“You know very well what we require, prince Fabius. Do not play coy with me. You’re a spoilt young whelp.” Lord Droullin smirked. “General Viallan here is the commander of all the forces of the realm of Awad. Go with him and pick up the reports he has. And then get us back the salt caravans or at least the men behind the robberies.” The man beside Lord Droullin stepped forward, his square jaw set in a deprecating smile.
From the grey flecks in his hair, Fabius knew the man to be an experienced leader. The key to getting the job completed quickly lay in them getting as much aid from him as possible.
“Viallan?” sniggered Ainsley. “So the line of turncoats still endures.”
Fabius shot Ainsley a sharp look. “I apologise for my companion’s behaviour. His reaction was instinctive. He did not mean to insult you, General.” Fabius faced down the captain.
Anger besmirched the General’s bronze face, as his fingers clasped the pommel of his sword.
Lord Droullin intervened. “Mind your manners in my hall. The Viallans have been a trusted house of Awad and have ruled with us for many years. Whatever history says about them has long been written off.” A sneer writ on his face, the lord continued, “Besides with princes like you, the rule of Throddens is on the wane. To think a great king like Thaddius sired a disappointment as you.”
Fabius almost chuckled, but controlled himself. “Do you think these insults mean anything to me, Lord Droullin? I have never had any ambitions for ruling and I have made that amply clear. The Throdden rule is safe in Darius’ hands.”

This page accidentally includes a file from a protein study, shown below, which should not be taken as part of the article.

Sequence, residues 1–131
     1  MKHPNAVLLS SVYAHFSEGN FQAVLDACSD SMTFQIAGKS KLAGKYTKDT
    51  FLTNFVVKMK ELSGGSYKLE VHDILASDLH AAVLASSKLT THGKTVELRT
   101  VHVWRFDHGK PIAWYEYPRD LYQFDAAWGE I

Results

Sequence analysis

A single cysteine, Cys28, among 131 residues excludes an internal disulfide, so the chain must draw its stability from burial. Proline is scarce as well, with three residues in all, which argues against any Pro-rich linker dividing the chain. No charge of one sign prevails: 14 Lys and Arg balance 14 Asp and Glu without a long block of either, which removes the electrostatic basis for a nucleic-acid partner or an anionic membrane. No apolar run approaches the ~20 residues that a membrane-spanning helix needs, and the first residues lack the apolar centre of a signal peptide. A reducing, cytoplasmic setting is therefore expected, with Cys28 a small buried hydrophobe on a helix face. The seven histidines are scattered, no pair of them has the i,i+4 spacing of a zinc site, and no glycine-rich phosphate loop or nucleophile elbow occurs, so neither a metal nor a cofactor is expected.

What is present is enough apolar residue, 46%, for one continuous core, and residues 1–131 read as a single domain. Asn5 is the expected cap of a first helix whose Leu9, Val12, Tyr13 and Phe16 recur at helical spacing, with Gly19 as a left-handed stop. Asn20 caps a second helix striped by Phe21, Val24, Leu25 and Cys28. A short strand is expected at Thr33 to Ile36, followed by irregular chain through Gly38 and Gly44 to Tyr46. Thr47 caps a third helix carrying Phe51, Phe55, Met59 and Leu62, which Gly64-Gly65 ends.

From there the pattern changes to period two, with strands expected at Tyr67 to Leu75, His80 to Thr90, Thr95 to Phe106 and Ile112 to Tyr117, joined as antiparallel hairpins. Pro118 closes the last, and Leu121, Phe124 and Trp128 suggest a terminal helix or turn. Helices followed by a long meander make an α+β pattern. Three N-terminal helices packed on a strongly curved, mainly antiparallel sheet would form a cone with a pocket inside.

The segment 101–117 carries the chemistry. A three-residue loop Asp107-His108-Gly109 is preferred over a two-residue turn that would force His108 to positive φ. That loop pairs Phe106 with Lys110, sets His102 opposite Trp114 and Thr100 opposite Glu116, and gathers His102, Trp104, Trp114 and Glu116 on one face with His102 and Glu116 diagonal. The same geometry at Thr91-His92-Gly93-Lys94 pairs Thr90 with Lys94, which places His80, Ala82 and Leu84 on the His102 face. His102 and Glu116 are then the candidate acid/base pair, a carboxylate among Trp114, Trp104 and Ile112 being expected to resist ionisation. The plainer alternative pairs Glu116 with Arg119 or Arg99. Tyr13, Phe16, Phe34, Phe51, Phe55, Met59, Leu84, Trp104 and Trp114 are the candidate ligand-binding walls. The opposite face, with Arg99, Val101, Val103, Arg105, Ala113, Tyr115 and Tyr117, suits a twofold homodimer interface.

“Ah yes, the noble older brother. And yet they send you after all my requests. Thaddius must be losing his touch for good governance.”
Fabius stiffened. Rarely had he taken insults on his callousness to heart but the lord seemed to be scratching a nerve.
“Maybe because you called for royal help for catching ordinary robbers. Why this high interest in salt, Lord Droullin?”
“Because I don’t like being stolen from, whether it be a single bronze petal or a thousand gold flowers. Something you and your rag-tag band of gambling fools can never appreciate. And besides, the King has ordered you to aid in their recovery. To ask why, is not knowledge you need. Fulfil your assignment. General Viallan will provide you with whatever details we have.” The lord waved them away. “And if you insult him again, I will not hold him responsible for his actions.”
The General glared at them but walked way to the left, leading them towards a door.
“Arbok’s dirty paws!” cursed Ainsley, as they followed the tall captain.
“That was uncalled for, Ainsley. You cannot define a man for what his ancestors have done, that too centuries ago.” Fabius whispered.
Ainsley shrugged, but kept his voice low. “I’m not saying he’s a bad guy. I didn’t want to call Droullin a lazy slob, so this guy had to take the fall. And I’m historically accurate.”
Fabius shook his head. Sometimes, Ainsley acted obtuse.